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Patent > How Do I Qualify for and Obtain Patent Protection? - Pg. 155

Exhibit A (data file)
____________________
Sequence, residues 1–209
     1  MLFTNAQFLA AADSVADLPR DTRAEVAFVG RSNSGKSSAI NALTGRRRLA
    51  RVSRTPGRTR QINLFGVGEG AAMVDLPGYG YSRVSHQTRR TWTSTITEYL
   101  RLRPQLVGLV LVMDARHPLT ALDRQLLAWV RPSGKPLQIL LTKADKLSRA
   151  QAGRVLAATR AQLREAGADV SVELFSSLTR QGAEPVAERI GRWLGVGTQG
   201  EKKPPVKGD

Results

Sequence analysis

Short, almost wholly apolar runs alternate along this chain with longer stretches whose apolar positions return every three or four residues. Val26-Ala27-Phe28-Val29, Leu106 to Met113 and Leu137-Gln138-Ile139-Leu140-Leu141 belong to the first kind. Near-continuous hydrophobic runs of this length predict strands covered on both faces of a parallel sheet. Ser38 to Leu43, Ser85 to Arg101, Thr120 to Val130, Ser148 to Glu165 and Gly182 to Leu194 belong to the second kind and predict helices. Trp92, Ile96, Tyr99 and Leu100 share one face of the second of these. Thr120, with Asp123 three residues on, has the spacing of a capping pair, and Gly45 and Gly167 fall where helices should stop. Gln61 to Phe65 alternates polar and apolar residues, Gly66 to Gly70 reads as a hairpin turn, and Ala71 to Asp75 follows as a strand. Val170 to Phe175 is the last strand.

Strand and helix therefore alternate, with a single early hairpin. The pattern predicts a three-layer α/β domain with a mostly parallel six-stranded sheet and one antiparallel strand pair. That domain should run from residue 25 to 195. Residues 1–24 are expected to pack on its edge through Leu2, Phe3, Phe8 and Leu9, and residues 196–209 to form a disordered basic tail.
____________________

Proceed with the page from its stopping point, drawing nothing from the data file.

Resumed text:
A Primer on Intellectual Property 155 Keep in mind that the animating principle behind patents is to award inventors and to spur greater advances by publishing the invention's design so that other parties may see it and benefit from the learning. What is a Patent? A patent is a property right granted by the USPTO that allows the inventor of a process or other invention to exclude others from making, using, or selling the invention in the United States. It also prohibits importing the invention into the United States. Once the patent is granted, the USPTO publishes the application so that other parties can see how the invention works. There are two major kinds of patents: design patents, which cover ornamental designs not essential to function like the iMac's CPU box, and utility patents, which protect useful inventions like the computer mouse (though the iMac's original hockey puck mouse would be eligible for a design patent). Utility patents are generally good for 20 years from the application date, design patents for 14 years.